A modest proposal regarding college admissions
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Earlier this week, the Department of Justice sparked a national frenzy when it revealed the existence of a sprawling college admissions scandal. At least six prestigious universities were involved in flagrant and widespread bribery, records falsification, cheating on entrance tests, and more.
There is much to condemn here, on the part of the parents engaged in bribery, the sleazoid middlemen, and the collegiate staff who either participated or were asleep at the switch. Yet, weirdly, the default response has been to paint the scandal as a sweeping indictment of American society. As one Washington Post op-ed put it, “The college admissions scandal isn’t fair. Nothing about our social mobility system is.” Affirmative action advocates insisted that a susceptibility to rampant fraud somehow argues for giving admissions offices more discretion to admit students on the basis of race.
I’m afraid all these hot takes leave me cold. For one thing, we’re not talking about colleges being done in by Mission Impossible-style, uber-sophisticated deceit. We’re talking about the failure of admissions offices to detect rampant, outrageous, clown car corruption that spanned nearly a decade. This is about officials failing to perform even minimal diligence as athletic coaches sold slots, and failing to notice as applicants fabricated athletic profiles or had their faces photo-shopped onto the bodies of actual athletes.
This all unfolded at institutions whose leaders never tire of lecturing the rest of America about their moral shortcomings (at least when they’re not explaining why taxpayers should eagerly funnel vast new sums into higher education). These same paragons, of course, can’t seem to stop themselves from offering “legacy admissions” or selling seats to donors willing to pledge a building or a cool couple million for the campus capital campaign. Nobody is forcing colleges to sell access; that’s all on them.
Here’s another way to look at this: This isn’t an indictment of America but of the elite college cartel and the pathologies that it has enabled and exploited. It’s an indictment of the way elite colleges sell fast-passes to lucrative jobs on Wall Street and in Silicon Valley, of the manufactured scarcity that they have cultivated, and of the way they have avidly marketed that scarcity. When colleges sell access, or are so inept that they make it easy for the rich to buy access, this isn’t an indictment of American parents who pay for tutors or who diligently use their 529s to save for their kids’ tuition. This is an indictment of elite colleges.
If admissions offices cannot detect even rudimentary corruption and institutions can’t stop themselves from selling access, it raises the question of whether we can trust them to make subtle distinctions when it comes to sensitive issues like race and merit. What we’ve learned this week can’t help but raise questions, for instance, about affirmative action and whether the courts can in good faith give admissions offices the latitude to make fraught decisions about how to incorporate consideration of race within the delicate bounds of constitutional propriety.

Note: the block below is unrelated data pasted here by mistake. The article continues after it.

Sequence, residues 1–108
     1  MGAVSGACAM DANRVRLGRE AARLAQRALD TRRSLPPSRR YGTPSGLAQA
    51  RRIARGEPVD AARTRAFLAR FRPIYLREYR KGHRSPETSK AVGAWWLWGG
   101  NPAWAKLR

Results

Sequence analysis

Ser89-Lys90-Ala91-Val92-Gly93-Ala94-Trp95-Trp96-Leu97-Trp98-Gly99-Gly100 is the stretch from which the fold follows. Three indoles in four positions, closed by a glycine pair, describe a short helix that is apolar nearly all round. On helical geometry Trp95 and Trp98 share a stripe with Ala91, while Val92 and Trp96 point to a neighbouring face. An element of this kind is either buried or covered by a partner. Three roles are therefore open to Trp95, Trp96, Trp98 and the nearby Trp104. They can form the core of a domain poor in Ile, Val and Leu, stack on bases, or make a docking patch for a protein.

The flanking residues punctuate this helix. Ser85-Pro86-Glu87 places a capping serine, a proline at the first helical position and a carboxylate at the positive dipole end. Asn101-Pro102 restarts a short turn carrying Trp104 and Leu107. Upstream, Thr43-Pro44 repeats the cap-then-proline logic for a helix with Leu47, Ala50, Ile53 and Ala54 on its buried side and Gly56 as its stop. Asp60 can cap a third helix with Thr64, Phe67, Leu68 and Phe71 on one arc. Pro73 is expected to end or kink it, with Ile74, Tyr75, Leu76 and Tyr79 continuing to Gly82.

Given all this, here’s a modest proposal: Maybe elite colleges should put their money where their mouth is when they pontificate about the need to democratize opportunity, take a page out of the K-12 charter school book, and switch to lottery admissions.
Lottery admissions would help dissolve the relationship between where people went to school, how talented they’re presumed to be, and where they would ultimately work. Students, of course, would still be free to apply to the campuses that they find the most attractive and most convenient. Faculty at elite colleges would still do their research, teaching, and mentoring, just with a less curated (and self-impressed) student body. Obviously, all this would only affect a sliver of American higher education, in any event, since most colleges aren’t selective.
I’ll concede that lottery admissions might force people to find new ways to network with the powerful, assert their status, and figure out which high schoolers “won.” I think the nation would survive.
Now, I know what you’re thinking: This is crazy! It would be a huge blow to the prestige of prestigious schools. It would be a huge pain for corporate HR departments, and a giant bummer for the college prep industry.
I hear the concerns. But, upon reflection, I think I’m still okay with it.
If you’re worried that these prestigious schools wouldn’t be able to serve all the talented applicants they’d like, I get it. So, here’s a solution: The colleges can expand. They can double their size, or even admit everyone who’d like to go. That might further dilute their manicured prestige, upend carefully cultivated cultures, force them to spend endowment dollars to buy land and erect buildings, require the hiring of many new faculty, and so much more. It’d be really inconvenient.
But such is life.
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